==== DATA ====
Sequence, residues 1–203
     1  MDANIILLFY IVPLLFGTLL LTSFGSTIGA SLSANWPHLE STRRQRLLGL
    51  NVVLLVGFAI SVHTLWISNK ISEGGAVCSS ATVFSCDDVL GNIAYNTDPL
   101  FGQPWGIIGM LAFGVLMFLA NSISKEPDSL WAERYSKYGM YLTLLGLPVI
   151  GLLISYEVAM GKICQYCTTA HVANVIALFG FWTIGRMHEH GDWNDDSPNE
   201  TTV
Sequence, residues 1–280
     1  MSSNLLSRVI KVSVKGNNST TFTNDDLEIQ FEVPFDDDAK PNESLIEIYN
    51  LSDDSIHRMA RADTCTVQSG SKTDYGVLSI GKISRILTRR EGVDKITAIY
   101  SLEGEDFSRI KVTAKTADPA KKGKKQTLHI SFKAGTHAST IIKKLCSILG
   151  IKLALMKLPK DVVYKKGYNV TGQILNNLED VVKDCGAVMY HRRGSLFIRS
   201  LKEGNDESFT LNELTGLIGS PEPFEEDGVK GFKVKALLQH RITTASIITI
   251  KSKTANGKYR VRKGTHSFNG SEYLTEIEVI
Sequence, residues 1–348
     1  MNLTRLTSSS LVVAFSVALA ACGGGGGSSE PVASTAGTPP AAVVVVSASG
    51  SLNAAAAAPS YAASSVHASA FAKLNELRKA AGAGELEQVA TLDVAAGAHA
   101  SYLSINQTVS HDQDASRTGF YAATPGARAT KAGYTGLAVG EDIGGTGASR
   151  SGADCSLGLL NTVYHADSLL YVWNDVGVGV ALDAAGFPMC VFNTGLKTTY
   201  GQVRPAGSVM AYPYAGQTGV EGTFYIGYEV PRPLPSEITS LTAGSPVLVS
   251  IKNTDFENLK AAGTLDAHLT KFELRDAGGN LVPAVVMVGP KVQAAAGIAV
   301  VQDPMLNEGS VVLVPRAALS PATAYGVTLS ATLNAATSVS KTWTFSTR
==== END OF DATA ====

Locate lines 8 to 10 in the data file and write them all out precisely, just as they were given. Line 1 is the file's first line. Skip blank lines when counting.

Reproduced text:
     1  MSSNLLSRVI KVSVKGNNST TFTNDDLEIQ FEVPFDDDAK PNESLIEIYN
    51  LSDDSIHRMA RADTCTVQSG SKTDYGVLSI GKISRILTRR EGVDKITAIY
   101  SLEGEDFSRI KVTAKTADPA KKGKKQTLHI SFKAGTHAST IIKKLCSILG